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Seabees help upgrade Camp Wilson’s facilities

4 Dec 2009 | Lance Cpl. M. C. Nerl

Fifteen sailors from Naval Mobile Construction Battalion 4 traveled from Naval Surface Warfare Center Port Hueneme, Calif., to construct a building at Camp Wilson, and are scheduled to complete the project Dec. 5.

The building is part of the Marine Air Ground Task Force complex at the Combat Center, which will consist of several similar structures, to be used by units going through Enhanced Mojave Viper said Lance Barlow, an engineering technician with the Public Works Division here.

“The MAGTF compound here is going to have a total of five buildings,” the La Quinta, Calif., native said. “They completed the first one about a month before this current one started. This current one is around 5,000 square feet and is the largest of all of them.”

The project, which went under construction Oct. 26, will soon be completed under budget. Lower construction costs were achieved thanks in part to the use of Seabee labor.

“This type of building would have cost around $1 million, but when it’s all said and done, this project will be done at around $100,000,” he said. “They get great training, because those same structures are what they will be building when they go overseas.”

Barlow said while the construction serves dual purposes, it depends on availability of personnel to accomplish.

“The only thing that holds up the process is the rotation of units,” he said. “It’s not always Seabees; we’ve had Marine units come out here to build other structures. We wait and schedule for a unit to be available to do the construction so we can get them trained, and benefit the base from it at a lower cost.”

Sailors working on the structure said they not only received sufficient training from the venture, but a sense of fulfillment as well.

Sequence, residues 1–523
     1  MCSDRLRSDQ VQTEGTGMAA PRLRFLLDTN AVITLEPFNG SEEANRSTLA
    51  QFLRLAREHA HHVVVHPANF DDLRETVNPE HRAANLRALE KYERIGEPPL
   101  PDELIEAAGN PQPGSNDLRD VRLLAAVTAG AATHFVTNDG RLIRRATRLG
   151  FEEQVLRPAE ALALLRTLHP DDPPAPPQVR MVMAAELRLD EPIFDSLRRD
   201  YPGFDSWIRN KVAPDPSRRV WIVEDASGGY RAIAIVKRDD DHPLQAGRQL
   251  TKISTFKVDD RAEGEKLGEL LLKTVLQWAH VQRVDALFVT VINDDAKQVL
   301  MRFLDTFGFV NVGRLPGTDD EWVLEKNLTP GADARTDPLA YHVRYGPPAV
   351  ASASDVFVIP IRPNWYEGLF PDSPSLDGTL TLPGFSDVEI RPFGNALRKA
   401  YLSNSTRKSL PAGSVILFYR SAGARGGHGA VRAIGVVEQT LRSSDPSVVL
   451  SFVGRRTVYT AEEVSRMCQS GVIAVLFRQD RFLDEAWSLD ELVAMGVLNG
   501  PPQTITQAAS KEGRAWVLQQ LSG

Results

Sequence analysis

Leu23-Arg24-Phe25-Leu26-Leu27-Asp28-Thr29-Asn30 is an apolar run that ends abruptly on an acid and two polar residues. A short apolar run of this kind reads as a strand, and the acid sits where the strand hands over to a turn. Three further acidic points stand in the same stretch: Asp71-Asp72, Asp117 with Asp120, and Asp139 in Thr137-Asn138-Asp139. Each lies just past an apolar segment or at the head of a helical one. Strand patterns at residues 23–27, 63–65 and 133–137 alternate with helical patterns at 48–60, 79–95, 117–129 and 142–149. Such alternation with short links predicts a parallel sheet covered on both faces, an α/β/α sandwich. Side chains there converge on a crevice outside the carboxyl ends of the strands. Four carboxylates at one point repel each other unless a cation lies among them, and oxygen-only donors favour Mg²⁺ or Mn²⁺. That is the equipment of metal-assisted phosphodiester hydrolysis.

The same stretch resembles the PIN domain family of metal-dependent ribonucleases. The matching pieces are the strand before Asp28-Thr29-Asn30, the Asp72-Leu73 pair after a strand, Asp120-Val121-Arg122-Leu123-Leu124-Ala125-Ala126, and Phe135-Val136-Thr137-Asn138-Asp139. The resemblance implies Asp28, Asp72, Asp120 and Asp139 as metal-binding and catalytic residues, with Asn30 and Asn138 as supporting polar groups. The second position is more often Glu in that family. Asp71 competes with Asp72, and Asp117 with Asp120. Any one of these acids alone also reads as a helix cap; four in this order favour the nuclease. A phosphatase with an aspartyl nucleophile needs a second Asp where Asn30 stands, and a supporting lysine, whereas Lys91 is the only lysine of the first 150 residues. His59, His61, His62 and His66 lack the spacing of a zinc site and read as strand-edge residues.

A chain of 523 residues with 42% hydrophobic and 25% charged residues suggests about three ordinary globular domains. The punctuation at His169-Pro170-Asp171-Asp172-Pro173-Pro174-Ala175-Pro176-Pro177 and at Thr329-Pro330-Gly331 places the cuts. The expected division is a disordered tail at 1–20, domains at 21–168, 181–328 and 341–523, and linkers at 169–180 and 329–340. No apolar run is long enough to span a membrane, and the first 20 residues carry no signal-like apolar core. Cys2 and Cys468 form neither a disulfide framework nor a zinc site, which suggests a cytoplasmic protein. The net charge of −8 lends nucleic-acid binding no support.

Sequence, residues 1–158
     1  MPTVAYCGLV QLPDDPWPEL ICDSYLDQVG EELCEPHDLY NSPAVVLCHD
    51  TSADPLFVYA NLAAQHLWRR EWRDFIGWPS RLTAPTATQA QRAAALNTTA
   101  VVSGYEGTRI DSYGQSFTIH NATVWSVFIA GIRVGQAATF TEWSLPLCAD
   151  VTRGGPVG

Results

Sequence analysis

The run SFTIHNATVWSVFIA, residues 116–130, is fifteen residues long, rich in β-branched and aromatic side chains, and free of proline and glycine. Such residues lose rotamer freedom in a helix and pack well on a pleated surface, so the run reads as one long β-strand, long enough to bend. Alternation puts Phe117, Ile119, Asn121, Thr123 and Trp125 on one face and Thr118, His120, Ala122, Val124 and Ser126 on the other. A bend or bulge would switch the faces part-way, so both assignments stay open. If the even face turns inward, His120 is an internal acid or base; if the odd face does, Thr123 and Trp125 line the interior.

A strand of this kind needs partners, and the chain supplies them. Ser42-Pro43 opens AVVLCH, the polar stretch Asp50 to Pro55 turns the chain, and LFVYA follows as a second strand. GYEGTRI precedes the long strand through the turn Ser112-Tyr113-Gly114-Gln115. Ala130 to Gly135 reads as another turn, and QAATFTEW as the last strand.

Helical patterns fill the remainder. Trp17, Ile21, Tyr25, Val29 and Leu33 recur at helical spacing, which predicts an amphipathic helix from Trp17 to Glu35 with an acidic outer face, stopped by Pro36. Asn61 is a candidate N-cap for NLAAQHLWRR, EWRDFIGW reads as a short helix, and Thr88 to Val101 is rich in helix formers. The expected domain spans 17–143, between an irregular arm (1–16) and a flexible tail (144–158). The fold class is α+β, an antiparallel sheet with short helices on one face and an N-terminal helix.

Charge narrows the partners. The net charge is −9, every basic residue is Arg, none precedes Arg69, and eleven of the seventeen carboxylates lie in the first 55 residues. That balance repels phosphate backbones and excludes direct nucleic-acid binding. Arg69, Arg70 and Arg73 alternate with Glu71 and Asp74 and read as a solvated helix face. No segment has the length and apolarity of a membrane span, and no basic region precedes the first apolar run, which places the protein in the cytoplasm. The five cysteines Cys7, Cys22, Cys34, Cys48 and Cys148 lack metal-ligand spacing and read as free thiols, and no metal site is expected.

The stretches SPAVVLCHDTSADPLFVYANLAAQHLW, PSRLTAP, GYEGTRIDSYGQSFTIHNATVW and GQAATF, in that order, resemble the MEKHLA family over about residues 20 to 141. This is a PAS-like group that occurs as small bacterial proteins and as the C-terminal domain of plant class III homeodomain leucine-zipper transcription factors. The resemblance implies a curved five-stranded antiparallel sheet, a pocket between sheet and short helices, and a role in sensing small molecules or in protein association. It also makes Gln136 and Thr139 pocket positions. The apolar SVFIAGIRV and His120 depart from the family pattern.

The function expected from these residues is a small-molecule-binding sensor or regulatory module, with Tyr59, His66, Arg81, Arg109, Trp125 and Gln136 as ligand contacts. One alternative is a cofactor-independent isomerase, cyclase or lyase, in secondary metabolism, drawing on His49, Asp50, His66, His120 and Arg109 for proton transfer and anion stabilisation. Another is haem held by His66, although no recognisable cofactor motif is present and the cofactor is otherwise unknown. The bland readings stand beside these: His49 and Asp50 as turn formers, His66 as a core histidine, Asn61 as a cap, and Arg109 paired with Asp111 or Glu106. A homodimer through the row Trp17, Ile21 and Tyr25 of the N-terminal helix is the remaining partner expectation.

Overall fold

“We do use projects like this as good training,” said Petty Officer 2nd Class Boyardo Molina, the job supervisor, who is a native of Ventura County, Calif. “We get to help out the Marines with their training facilities by building this too. We don’t know what this one is going to be used for, but it’s good to be helping someone out with what is just normally training to us.”

One of Molina’s sailors, Petty Officer 3rd Class James Miskimen, a builder with the battalion, said this visit to the Combat Center has been a production one in terms of building morale and supporting the Marine Corps.

“We got lucky this year coming out here,” said the Port Hueneme, Calif., native. “We got a squad bay to stay in on mainside, which is pretty nice. It’s great for both us and the Marines because you get new facilities out here, and we get to get out to another base and do something different for training.”

The next construction project does not have a set date for its beginning or completion, but plans are in the works to set into motion in the near future.

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